Delaware’s Workplace Privacy Act Lives to See Another Day

Posted by Molly DiBiancaOn June 21, 2012In: Delaware Specific, Legislative Update, Privacy In the Workplace, Social Media in the Workplace

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Delaware’s version of the “password-privacy” laws currently pending in state legislatures across the country lives to see another day.  H.B. 308, titled the “Workplace Privacy Act,” was released from Committee last month and made it to the House a few weeks ago. It’s slowly been making its way to the top of the agenda and closer to a vote by the House of Representatives.

Last week, I presented on social media at the monthly meeting of Delaware SHRM and, no surprise, the proposed law was a topic on the agenda.  I discussed my concerns with the law as drafted—specifically, the prohibition on an employer asking an employee to show the employer his or her social-networking site for purposes of a legitimate workplace investigation.  (For a more detailed discussion of the potential implications, see my post about a hypothetical allegation and investigation in the education setting). 

After the SHRM meeting, I was approached by several members about what steps should be taken to address the flaws in the legislation as drafted.  I worked with Delaware SHRM to draft a letter for members to submit to their State Representatives about the concerns employers have with H.B. 308.  The letter went out today.

Perhaps as a matter of sheer coincidence, perhaps not, H.B. 308 was amended yet again today. The most critical provision for employers is Section (e) which contains the “permitted acts” for employers. Of most interest in this amendment is the new version of Section (e)(5), which was pitched as the “solution” to the concerns I’ve been raising.  The section, unfortunately, contains several sentences that don’t particularly belong together, which makes it even more confusing.  I’ll do my best to unravel the mystery one sentence at a time.

This Act shall not prohibit any employer from barring employees from accessing social networking sites while performing work for the employer.

Good gracious, let’s hope not!  Of course an employer is allowed to prohibit its employees from using its equipment and/or technology to engage in social networking or anything else unrelated to work during working time.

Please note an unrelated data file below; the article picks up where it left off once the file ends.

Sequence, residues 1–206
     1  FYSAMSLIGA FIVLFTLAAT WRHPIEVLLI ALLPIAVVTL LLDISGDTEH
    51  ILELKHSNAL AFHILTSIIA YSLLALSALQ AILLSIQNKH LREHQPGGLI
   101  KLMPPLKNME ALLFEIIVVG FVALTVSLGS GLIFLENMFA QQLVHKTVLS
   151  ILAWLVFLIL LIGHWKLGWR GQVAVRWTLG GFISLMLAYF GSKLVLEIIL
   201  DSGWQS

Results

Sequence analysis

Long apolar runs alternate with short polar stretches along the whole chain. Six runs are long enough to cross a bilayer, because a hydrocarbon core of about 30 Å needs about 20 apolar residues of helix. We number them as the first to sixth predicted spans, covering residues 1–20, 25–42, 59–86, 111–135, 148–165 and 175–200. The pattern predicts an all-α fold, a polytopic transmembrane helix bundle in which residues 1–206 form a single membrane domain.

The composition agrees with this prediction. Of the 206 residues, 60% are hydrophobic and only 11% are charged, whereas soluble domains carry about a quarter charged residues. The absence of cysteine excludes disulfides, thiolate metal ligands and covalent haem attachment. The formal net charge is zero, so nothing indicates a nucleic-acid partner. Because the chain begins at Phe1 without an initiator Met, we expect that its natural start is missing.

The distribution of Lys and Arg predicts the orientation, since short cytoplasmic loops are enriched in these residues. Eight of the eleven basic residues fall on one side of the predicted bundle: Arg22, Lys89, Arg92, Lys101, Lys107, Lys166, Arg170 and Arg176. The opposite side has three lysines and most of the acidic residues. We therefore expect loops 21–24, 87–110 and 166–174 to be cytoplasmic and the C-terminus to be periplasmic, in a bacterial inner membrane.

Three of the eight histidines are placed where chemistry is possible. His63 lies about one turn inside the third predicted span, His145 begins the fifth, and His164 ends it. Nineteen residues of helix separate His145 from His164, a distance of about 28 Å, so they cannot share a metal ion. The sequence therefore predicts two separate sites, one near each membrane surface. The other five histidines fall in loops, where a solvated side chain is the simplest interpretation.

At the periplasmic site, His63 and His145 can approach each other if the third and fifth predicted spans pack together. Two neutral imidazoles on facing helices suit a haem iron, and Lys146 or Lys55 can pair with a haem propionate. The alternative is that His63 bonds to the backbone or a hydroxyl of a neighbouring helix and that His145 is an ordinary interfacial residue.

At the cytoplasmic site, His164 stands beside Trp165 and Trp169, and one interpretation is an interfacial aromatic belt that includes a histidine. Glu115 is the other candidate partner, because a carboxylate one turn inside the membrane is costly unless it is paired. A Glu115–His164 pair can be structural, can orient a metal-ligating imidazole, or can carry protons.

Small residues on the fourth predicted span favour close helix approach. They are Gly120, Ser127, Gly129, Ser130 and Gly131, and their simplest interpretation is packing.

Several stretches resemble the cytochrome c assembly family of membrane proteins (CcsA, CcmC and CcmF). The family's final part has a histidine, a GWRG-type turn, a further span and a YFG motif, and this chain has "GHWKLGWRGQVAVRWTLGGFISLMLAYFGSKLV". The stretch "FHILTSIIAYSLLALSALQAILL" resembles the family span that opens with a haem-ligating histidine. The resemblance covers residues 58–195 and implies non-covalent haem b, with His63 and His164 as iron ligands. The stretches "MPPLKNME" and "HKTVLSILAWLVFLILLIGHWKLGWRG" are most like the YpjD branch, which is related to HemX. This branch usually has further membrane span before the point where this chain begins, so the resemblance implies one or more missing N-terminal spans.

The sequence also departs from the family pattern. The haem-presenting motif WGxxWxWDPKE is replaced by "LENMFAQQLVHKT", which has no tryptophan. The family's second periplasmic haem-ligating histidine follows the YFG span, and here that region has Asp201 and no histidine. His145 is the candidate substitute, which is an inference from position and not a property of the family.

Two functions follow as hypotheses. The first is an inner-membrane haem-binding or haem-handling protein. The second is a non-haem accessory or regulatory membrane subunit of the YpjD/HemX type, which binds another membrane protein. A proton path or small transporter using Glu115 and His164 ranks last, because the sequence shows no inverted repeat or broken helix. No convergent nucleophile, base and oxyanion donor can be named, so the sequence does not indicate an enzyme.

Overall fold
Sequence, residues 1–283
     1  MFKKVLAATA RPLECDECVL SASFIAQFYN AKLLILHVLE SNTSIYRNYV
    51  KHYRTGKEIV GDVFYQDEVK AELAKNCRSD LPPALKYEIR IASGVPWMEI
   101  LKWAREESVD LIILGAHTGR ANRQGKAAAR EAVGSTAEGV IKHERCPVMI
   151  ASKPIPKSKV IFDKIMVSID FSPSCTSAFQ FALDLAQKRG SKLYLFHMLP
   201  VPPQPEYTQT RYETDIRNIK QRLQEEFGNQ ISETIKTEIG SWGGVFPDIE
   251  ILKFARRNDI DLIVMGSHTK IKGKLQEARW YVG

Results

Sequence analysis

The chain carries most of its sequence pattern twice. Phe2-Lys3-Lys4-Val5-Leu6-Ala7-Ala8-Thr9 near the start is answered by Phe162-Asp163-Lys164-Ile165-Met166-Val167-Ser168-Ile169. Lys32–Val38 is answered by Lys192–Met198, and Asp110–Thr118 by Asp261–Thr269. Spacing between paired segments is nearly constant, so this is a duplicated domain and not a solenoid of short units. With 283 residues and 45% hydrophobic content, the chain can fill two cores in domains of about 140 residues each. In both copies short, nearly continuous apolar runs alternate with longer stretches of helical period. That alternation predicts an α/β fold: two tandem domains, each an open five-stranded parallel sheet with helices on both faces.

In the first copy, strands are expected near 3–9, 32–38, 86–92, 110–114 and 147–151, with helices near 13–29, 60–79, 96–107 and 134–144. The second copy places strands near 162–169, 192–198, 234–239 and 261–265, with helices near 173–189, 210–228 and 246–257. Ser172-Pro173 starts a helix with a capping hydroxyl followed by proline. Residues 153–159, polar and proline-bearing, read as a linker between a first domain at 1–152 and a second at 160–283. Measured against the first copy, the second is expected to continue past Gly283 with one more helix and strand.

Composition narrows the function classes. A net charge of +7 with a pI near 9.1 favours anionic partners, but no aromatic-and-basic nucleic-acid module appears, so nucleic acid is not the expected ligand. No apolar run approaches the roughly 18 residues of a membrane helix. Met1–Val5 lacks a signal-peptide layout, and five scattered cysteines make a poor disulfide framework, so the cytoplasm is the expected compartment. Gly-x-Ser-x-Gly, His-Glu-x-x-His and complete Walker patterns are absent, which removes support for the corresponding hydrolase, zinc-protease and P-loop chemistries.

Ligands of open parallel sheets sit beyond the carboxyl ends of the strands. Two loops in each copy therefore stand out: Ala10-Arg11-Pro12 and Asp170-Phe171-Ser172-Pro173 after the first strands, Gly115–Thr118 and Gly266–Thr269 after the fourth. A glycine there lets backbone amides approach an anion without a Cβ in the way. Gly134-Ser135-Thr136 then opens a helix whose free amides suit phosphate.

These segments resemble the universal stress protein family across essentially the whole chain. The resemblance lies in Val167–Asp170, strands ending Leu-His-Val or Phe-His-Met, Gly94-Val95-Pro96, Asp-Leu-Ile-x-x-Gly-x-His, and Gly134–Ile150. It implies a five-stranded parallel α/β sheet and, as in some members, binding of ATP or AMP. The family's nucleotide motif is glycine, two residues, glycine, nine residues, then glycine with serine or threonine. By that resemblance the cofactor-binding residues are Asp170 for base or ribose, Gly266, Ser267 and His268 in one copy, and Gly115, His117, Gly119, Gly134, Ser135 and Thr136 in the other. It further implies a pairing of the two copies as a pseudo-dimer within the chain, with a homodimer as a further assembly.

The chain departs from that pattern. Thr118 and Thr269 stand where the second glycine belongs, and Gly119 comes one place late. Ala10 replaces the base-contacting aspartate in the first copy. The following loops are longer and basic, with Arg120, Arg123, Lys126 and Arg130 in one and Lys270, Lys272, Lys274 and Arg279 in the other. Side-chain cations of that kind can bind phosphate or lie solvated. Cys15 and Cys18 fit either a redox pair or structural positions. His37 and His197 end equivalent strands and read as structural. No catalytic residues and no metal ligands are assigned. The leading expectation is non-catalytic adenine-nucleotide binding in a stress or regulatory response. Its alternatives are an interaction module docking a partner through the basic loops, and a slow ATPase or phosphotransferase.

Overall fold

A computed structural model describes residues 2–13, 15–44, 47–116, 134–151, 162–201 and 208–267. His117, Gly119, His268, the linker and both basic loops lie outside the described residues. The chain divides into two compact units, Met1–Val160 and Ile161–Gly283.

Employers are permitted to access electronic communication devices which are the property of the employer for the purpose of investigating employee wrongdoing, or otherwise serving the employer’s business purposes.

Again, I think this is pretty obvious, though maybe less so than the previous sentence. In short, it says that an employer is allowed to “access” the smartphones, laptops, tablets, etc., that they provide to employees. In other words, the company can access its own property. 

Notably, though, the Bill purports that an employer may do so lawfully only for the “purpose of investigating employee wrongdoing” or “otherwise serving the employer’s business purposes.”  Supposedly, a charitable purpose or at the request of the employee would not be considered a “permitted act” under the amended Bill.

Where an employer has credible information indicating imminent workplace violence, the employer may question the subject employee as to alleged social network site postings.

Try to not to laugh—it’s not funny.  According to this sentence, in the event there is a credible threat of imminent workplace violence, the employer may “question” a “subject employee” (whoever that is), about his or her social-network-site postings.  Wow.  That’s it? 

Employers are also permitted to access an employee’s social networking site profile or account which is public and non-restricted.

And, finally, an employer is permitted to look at publicly available information that is posted online.  Well, yes.  Of course employers are allowed to look at the Internet and the public information posted online. 

It’s pretty clear to me that this “amendment” may constitute a changed version of the Bill but not an improved version and certainly not the answer to the problems that I’ve discussed previously. 

If you are not a SHRM member but want your voice to be heard on this legislation, I’ve uploaded a modified version of the SHRM letter, which I would encourage you to use as a template for your own letter.  But act soon, there are just two sessions left before the summer recess and the Bill could be voted on as early as tomorrow.

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